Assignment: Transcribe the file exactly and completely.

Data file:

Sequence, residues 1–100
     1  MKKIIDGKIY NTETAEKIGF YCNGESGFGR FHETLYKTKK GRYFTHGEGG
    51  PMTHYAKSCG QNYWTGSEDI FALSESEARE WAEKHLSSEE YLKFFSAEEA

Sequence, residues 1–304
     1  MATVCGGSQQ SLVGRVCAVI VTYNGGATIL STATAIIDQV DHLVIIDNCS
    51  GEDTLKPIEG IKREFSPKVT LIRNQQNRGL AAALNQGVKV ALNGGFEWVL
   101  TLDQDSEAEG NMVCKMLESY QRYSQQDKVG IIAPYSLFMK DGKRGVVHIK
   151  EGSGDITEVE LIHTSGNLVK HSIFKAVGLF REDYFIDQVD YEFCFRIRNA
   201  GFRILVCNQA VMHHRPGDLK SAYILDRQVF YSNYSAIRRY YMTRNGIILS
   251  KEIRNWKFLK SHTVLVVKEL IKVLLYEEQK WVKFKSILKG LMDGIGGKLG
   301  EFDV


Sequence, residues 1–100
     1  MKKIIDGKIY NTETAEKIGF YCNGESGFGR FHETLYKTKK GRYFTHGEGG
    51  PMTHYAKSCG QNYWTGSEDI FALSESEARE WAEKHLSSEE YLKFFSAEEA

Sequence, residues 1–304
     1  MATVCGGSQQ SLVGRVCAVI VTYNGGATIL STATAIIDQV DHLVIIDNCS
    51  GEDTLKPIEG IKREFSPKVT LIRNQQNRGL AAALNQGVKV ALNGGFEWVL
   101  TLDQDSEAEG NMVCKMLESY QRYSQQDKVG IIAPYSLFMK DGKRGVVHIK
   151  EGSGDITEVE LIHTSGNLVK HSIFKAVGLF REDYFIDQVD YEFCFRIRNA
   201  GFRILVCNQA VMHHRPGDLK SAYILDRQVF YSNYSAIRRY YMTRNGIILS
   251  KEIRNWKFLK SHTVLVVKEL IKVLLYEEQK WVKFKSILKG LMDGIGGKLG
   301  EFDV